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On Feeling Gay
by [?]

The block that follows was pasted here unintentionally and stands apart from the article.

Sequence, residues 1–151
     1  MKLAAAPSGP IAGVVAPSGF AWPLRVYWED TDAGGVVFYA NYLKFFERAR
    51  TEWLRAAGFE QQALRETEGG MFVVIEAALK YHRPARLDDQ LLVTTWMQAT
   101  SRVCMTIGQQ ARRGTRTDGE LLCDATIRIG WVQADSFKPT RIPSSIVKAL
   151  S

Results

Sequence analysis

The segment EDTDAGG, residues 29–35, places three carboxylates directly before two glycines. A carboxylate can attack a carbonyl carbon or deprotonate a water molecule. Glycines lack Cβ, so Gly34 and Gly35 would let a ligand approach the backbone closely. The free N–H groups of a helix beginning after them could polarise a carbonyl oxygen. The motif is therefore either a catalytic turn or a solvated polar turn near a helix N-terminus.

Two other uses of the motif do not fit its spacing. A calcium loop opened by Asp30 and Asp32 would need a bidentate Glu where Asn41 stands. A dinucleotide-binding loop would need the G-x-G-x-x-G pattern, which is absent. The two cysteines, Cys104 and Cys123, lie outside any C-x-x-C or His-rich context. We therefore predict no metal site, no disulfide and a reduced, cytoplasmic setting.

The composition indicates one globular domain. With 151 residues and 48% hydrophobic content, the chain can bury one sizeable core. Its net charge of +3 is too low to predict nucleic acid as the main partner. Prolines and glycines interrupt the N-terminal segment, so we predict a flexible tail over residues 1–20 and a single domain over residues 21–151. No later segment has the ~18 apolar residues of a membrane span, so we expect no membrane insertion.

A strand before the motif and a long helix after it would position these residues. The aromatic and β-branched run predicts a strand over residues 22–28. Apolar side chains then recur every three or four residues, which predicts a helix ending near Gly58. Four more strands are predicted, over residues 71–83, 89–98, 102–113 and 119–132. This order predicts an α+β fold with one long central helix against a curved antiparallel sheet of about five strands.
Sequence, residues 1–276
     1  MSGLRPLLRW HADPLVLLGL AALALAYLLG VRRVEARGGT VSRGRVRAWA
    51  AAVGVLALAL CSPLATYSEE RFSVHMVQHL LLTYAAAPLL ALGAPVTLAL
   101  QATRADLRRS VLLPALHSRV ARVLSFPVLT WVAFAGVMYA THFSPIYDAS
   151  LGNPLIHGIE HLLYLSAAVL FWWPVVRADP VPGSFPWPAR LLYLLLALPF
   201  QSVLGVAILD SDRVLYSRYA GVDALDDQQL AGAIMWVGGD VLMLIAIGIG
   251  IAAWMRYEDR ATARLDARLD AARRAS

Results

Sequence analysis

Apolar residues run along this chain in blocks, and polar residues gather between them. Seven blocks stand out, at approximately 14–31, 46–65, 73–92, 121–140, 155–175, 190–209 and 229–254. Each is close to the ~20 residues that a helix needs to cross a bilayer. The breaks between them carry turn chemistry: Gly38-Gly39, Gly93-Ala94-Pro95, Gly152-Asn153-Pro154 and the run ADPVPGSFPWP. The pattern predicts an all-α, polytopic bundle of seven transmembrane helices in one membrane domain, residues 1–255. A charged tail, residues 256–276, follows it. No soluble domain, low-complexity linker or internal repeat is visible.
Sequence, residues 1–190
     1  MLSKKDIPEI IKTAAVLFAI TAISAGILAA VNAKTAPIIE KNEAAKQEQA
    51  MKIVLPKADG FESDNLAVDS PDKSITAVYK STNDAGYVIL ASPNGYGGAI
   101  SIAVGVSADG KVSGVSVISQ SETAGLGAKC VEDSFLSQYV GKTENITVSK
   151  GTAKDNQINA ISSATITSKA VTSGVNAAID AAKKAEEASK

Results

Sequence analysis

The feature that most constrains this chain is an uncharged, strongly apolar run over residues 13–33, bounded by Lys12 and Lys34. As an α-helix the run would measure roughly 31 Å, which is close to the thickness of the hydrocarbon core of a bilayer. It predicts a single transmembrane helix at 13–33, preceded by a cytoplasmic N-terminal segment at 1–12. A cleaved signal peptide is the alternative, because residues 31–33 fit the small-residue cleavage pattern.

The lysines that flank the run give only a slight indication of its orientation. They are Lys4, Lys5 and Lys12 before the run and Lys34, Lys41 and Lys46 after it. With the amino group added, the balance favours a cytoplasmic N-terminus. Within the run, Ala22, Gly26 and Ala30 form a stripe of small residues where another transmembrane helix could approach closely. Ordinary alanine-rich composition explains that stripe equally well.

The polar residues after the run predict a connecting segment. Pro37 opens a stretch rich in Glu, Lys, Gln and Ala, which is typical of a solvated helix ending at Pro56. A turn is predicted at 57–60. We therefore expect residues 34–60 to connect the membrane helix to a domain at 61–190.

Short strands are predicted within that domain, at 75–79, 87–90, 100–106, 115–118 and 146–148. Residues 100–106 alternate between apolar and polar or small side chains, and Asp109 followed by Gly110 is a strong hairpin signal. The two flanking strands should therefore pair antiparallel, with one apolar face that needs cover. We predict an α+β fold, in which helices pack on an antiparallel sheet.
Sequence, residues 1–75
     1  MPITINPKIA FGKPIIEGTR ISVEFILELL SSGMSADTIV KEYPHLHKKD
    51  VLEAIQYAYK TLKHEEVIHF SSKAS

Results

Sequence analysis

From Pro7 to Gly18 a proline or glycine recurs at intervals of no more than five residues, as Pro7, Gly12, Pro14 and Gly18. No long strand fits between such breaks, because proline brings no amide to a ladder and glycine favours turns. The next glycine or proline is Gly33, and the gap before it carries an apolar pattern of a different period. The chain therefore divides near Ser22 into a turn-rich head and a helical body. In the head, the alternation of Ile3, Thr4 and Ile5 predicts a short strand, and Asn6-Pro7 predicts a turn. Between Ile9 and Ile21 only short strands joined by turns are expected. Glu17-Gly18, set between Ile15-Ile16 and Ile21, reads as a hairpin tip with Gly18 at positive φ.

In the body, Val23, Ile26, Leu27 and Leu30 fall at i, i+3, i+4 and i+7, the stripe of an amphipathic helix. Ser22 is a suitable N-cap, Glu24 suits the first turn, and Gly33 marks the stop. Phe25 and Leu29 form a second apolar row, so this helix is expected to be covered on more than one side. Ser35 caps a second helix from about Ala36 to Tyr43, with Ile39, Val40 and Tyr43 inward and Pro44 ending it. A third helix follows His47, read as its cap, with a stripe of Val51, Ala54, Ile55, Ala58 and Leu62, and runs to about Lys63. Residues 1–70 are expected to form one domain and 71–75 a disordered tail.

Gaiety has come back at least to parts of London. There never were greater crowds of people eating with bottles at their sides in public places. On the whole, however, there has been little down-heartedness at the restaurants during the past four and a half years Even while the housewife in the red-brick street was wasting her mornings in the patient vigil of the queue, only to find at the end of it that there was no butter, no lard, no tea, no jam, no golden syrup, no prunes, no potatoes, no currants, no olive oil, or whatever it might be she wanted most, the restaurants never shut their doors as the grocers’ shops and the confectioners’ sometimes did. When rationing came, one could eat the greater part of the week’s beef allowance at a single meal in the home, but in a restaurant one could get four excellent meat meals–in some restaurants even eight excellent meals–in return for a week’s coupons. There were, no doubt, parts of the country in which the housewife was hardly more restricted than the diner-out in restaurants. Travellers came back from places in Dorsetshire, Gloucestershire, and Scotland, as from Ireland, with gorgeous narratives of areas in which the King’s writ did not run so far as coupons were concerned and beef was free if only you paid for it. But in London, and especially in the Home Counties, there was no such reign of liberty. The housewife went shopping, as it were, on ticket-of-leave, and even the sleepiest suburbans began to realise that the arrival of our daily bread is a daily miracle instead of the commonplace it once seemed to be. Had Dr Faustus come back to life a modern lady would have invoked the aid of his magic for some food less romantic than grapes out of season: she would have been content with a tin of golden syrup. As for butter, it is surprising that no one wrote a sonnet to butter during the war. I have seen eyes positively moisten with love at the sight of a small dish of it. Even from the restaurants it seemed to vanish for a time, and some of them are still doing their best to help one to deceive oneself with a curl of what is called butter substitute. The restaurant, however, seem to be better supplied than the home with the three great aids to gaiety–wine, jam and currants. I confess I have never been able to understand why currants should be generally regarded as one of the necessary ingredients of perfect pleasure. But they unquestionably are The child on a holiday will eat a bun with only three currants in it with three times more pleasure than he will eat a frankly plain bun A suet pudding without currants or raisins is prison fare, barren to the eye and cheerless: let but an infrequent currant or raisin peep from the mass and it is a pudding for a birthday. So universal is the passion for currants as an aid to pleasure that during the past three weeks the only matter that rivalled in general interest the question whether the Kaiser was to be hanged was the question whether we should have currants before Christmas. So profound is the disappointment of the public at the non-arrival of the currants that explanations have been put in the papers, calling on us to practise the sublime virtue of self-sacrifice, happy in the knowledge that all the currants are needed for invalid soldiers. But if the currants are needed for soldiers, how comes it that we sometimes find them in the puddings in restaurants? Those who are concerned for the preservation of home life in this country cannot but be perturbed by the way in which in this matter of currants the scales have been weighted in favour of the restaurant and against the home. As for jam, the diner in the restaurant rejoices in jam roll while the child in the home labours its way through tapioca pudding. Is it any wonder if, as the pessimists believe, the English home decays?